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How does India commute to work?  

With the current debate raging over Delhi metro fare hike and its feasibility, How India Lives takes a look at how Indians living in 8 mega-cities commute to work.

We analysed Census 2011 dataset for Indians who are neither employed in agriculture nor in household industries living in 8 of India’s biggest cities – Ahmedabad, Bangalore, Chennai, Delhi-NCR, Hyderabad, Kolkata, Lucknow and Mumbai.

A large proportion of them, ~36%, either live at their place of work, or have little to no distance to commute, while only ~20% commute more than 10 kilometres every day.

In India, traditional cities were developed in a way that required little or no commute as people chose to live close to work as long-distance commuting essentially impacted their earnings. This trend is clearly manifested in the visualization below, where close to three-quarters of all working people live within 10 kilometres of their workplace. Metro is mainly used for longer trips, with average trips close to 16 kilometres.

In the 8 cities, walking is still the most preferred mode of commuting, largely because of small distances to work. In Delhi-NCR, 22% walk to work and only a minuscule 3% take the train. Except Mumbai, where an equal proportion take the train and walk to work (25%), buses cater to the second largest proportion of people commuting to work. Given the length of the average commute even in top Indian cities, buses and other means of public transport cater to a much larger share of the population while receiving only a fraction of the total investments.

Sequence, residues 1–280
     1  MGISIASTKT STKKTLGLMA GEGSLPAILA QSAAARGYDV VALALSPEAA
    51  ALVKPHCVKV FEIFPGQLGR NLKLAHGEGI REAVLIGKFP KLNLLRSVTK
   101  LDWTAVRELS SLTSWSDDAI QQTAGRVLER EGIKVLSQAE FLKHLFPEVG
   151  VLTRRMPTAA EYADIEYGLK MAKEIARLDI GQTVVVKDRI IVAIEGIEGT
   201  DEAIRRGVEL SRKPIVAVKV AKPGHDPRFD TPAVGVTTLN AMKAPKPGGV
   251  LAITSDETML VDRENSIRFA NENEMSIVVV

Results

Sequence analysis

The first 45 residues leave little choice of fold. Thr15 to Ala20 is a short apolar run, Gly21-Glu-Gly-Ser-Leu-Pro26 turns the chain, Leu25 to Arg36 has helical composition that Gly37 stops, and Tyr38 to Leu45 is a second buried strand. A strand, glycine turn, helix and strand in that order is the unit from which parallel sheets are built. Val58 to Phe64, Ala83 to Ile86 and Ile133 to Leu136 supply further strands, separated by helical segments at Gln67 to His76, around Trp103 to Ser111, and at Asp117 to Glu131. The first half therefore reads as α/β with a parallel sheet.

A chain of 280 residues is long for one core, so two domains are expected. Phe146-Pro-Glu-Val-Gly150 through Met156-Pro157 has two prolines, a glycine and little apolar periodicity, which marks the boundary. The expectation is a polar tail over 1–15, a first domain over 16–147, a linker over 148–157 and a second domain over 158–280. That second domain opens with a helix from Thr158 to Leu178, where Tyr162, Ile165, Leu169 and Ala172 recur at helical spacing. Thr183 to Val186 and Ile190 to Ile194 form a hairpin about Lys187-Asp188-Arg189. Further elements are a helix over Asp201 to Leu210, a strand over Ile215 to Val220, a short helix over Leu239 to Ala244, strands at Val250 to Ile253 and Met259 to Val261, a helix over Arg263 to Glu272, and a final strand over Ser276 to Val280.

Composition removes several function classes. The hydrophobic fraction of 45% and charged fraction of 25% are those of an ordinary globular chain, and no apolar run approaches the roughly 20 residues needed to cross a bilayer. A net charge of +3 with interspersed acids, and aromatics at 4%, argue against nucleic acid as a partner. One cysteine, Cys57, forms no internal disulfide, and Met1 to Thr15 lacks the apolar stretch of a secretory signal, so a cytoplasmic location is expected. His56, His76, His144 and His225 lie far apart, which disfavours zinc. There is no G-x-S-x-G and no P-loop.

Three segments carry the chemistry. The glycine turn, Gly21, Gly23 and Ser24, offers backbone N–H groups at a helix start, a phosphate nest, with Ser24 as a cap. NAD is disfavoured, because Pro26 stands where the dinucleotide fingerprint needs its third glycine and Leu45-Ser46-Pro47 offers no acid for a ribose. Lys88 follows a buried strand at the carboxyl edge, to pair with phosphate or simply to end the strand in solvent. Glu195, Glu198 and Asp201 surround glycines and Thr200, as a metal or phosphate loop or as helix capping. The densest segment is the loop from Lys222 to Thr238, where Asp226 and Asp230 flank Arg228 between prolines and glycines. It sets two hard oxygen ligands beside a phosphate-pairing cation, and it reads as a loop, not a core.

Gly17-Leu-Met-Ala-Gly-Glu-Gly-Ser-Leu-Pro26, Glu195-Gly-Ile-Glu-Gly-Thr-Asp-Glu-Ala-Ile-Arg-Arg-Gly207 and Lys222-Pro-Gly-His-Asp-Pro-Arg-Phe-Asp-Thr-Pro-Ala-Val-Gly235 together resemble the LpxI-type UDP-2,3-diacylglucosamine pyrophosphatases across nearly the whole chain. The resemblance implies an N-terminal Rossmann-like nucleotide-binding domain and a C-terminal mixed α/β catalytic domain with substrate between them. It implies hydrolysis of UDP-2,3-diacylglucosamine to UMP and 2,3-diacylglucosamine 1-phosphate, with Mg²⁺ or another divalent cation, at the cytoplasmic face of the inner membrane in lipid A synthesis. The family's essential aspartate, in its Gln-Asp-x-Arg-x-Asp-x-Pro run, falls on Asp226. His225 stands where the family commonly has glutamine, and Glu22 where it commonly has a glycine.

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How people in India’s top 53 cities commute to work – by gender, transport type and distance

This piece originally appeared on Livemint.com

 

A greater percentage of workers in Rajkot drive to work than in any other city. Half the people using public transport in Vasai Virar travel more than 20km—one way. As many as 71% of women workers in Agra don’t travel to work. One-third of women workers in Chandigarh drive to work, the highest among all cities in India.

Such findings can be gleaned from a recently-released data set by Census 2011 on the mode of transport that “other workers”—those not engaged in household industry or agricultural occupations—use to commute to work and the distance they travel.

The data interactive below takes part of that data set and tailors it to present the picture of work-related travel—or, non-travel in many cases—in India’s top 53 cities, each of which has a population of 1 million or more. The interactive lets you cut the data in multiple ways: by gender, by three modes of transport and by five distance buckets.

It’s a commentary on many things. How public transport is a failure: less than 20% of workers use it in 33 of these 53 cities, the two exceptions being Greater Mumbai region and Kerala cities. How private transport does not have the numbers—only a quarter to a third of a city’s citizens use it to travel to work—but receives the most attention. How the lack of adequate and diverse employment opportunities mean that several tier-II and tier-III cities are still largely about work-from-home options.

 

 

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